Some smooth sandstone appears, and we downclimb a pouroff or two. No problem. And then we reach our first impassible pouroff, and everything goes awry.
You see, there are multiple sources of beta for the Hayduke. By using all of these sources together, we’ve so far been able to navigate in an incredibly efficient and accurate way. Whether it’s finding an obscure water source or the one single way to drop into a massive canyon, we’ve been able to do it, and without much trouble. It’s funny, but before the Hayduke I thought I was “bad at navigation”. And then I realized, a few weeks into this route, while wending my way over lumpy, unmarked slickrock, that I’m actually good at it. I guess that’s what happens when you do it five months of the year for several years in a row, ha ha. But not today. Because today, all of our sources are wrong.
Do this: when you go into Saddle Canyon, forget the line on your maps. Forget the track on your GPS. Forget the notes in the guidebook. When you reach the first truly impassible pouroff, backtrack to the actial cairn built by actual people, and follow the faint trail up the scree slope and then contour along below the cliff to the ridge that you can follow back down, with the occasional cairn, back into the canyon past the pouroff.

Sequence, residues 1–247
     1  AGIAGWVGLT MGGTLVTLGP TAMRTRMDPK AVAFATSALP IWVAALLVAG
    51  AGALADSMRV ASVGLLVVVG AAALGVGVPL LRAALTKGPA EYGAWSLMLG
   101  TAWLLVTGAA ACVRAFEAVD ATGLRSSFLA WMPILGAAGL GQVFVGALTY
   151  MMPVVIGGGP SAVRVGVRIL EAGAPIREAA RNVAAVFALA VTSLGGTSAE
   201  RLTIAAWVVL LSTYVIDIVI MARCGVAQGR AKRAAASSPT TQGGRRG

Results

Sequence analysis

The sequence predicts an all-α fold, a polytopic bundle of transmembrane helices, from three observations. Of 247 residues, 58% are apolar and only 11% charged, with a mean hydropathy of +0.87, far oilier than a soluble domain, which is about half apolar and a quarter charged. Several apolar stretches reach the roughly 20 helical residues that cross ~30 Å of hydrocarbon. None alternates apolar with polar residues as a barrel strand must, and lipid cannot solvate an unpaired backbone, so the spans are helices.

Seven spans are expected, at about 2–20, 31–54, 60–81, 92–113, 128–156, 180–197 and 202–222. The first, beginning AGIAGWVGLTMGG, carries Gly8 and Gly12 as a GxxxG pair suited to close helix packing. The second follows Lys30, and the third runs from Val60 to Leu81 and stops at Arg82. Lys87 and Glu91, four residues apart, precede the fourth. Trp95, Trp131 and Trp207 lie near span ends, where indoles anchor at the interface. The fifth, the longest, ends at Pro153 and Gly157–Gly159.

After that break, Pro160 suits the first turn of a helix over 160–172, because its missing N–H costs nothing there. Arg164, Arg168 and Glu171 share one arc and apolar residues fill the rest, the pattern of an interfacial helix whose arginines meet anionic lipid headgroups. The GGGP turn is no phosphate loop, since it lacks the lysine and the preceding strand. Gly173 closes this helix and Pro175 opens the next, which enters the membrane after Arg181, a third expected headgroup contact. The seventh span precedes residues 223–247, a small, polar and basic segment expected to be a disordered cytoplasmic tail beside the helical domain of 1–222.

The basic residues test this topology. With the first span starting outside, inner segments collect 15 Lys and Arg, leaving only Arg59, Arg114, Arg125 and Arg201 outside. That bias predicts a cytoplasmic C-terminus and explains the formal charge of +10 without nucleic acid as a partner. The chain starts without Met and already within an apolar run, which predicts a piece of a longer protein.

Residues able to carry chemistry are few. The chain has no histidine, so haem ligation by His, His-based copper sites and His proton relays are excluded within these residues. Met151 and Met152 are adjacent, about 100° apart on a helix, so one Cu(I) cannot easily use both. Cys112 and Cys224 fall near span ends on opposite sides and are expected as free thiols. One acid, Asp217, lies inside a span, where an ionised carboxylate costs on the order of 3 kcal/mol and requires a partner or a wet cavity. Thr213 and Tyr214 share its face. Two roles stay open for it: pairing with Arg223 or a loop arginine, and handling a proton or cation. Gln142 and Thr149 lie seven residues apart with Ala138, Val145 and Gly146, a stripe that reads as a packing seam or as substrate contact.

Because if you follow your Hayduke maps/track/guidebook, you’ll end up on a high impassible cliff. With the maps asking you to fly through the air. Which is what happens to us. (The same thing happened to Wired)
We scrambled up an impossibly steep slope of loose dirt and rocks, clutching manzanitas and tufts of dried grass while avoiding prickly pear and agave, and then climbed through a crack in a cliff band using handholds and footholds to get to this spot. I lost one of my brand new trekking poles out of the side pocket of my pack, as well as my fun meter button, which I’d set to “maximum fun,” a setting I was saving just for today. Just one less way to quantify things, I guess. One more way the Hayduke sets me free. Now we’re standing on this pointy cliff, far above Saddle canyon, and all of our data is telling us to fly through the air.